Isle of Man Budget 2016

Monday 22 February 2016

This was the last budget before an election; the Government is not in a position to give away significant benefits to taxpayers and the Treasury Minister was unlikely to introduce cuts in services or increases in tax so close to an election. Mr Teare’s room for manoeuvre was limited. Nevertheless, there were some interesting developments.

On the tax front, there is a new relief for the development of properties. This is a five-year tax holiday for profits in respect of property development or rental, where that property development is beneficial to employment in the Island. The profits will be taxed on distribution by a company - as with other profits taxed at 0% - so this relief is a deferral of tax rather than an absolute exemption.

It is slightly surprising that National Insurance (NI) has not been levied on employment income for employees over 65. Also, a 1% increase for both employee and employer NI that has been introduced in the UK has still not been introduced in the Island.

The assessor has not yet gone as far as the UK in allowing flexibility as to how pension funds can be utilised, but he has extended the scope for commutation of ‘trivial’ pension schemes. Where a taxpayer has a pension fund of up to about £70,000 it will be possible to extract a tax-free lump sum and to take the rest of the fund as taxable income. The option was previously only available at age 60, but this has been reduced to 55.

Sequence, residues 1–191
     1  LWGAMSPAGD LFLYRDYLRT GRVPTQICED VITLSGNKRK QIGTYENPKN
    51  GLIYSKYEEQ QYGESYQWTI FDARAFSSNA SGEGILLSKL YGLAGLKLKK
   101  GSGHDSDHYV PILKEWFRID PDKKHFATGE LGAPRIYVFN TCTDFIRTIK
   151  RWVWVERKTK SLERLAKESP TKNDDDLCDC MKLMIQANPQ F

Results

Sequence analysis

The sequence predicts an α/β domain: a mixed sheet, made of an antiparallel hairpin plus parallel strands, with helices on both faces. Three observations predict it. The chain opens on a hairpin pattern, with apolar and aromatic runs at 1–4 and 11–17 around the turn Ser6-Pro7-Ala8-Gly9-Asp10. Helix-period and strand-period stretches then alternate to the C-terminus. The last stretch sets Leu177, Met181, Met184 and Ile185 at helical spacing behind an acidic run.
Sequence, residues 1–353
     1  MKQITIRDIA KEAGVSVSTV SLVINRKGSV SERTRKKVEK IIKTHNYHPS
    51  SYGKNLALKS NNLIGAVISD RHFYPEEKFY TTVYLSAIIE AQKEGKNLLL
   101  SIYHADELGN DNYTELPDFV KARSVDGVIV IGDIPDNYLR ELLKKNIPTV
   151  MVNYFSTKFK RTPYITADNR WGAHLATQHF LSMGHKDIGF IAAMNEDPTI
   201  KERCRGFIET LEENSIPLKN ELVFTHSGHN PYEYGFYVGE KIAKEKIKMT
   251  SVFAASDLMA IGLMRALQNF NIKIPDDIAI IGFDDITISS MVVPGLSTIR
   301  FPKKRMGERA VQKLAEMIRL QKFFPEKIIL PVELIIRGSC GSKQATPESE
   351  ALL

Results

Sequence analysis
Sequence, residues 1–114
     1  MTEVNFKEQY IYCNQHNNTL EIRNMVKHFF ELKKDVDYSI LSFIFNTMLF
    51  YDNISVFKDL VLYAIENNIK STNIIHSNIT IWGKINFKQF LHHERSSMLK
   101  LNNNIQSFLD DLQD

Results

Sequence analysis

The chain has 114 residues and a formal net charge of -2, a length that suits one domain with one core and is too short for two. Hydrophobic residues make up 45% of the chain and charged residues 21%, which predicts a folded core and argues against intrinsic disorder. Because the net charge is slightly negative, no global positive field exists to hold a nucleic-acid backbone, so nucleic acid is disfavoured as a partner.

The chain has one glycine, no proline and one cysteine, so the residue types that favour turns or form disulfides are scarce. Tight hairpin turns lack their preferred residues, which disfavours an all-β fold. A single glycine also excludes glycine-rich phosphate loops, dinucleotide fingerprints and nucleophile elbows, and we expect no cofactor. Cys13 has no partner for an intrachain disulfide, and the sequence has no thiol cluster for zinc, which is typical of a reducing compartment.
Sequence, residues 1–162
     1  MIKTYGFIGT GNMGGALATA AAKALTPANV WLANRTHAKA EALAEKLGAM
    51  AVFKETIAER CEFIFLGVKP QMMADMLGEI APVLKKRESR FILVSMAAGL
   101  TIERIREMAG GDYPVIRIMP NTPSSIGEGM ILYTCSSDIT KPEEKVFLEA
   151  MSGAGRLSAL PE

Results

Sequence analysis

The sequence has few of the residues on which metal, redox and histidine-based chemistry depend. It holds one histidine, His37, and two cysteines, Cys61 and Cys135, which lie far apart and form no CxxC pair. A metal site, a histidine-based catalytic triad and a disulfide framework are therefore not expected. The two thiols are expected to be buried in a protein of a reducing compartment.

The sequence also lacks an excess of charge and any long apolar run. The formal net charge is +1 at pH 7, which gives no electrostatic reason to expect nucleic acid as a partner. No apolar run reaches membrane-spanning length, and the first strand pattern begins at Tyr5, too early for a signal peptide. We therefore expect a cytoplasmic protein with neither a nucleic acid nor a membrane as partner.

On the economic front, most taxpayers will be relieved that expenditure on Government services is not being reduced and taxes are not being raised. Mr Teare has often said that despite the significant reductions in income that have been imposed on the Government, he will not ‘slash and burn’ Government expenditure as he is aware of the impact that this could have on the local economy. While this is comforting, the accountants and economists reviewing the Budget will wonder when substantive rebalancing will take place. It should be acknowledged that getting the Revenue Account back into balance, after such a large exogenous shock, is a tremendous achievement. Nevertheless, there are significant costs not included in the current-year revenue account that need to be funded out of income. These include expenditure on renewal of capital, assets, loan repayments and future pension increases. These may now be issues to be addressed after the election. 


For additional information, please contact Phillip Dearden.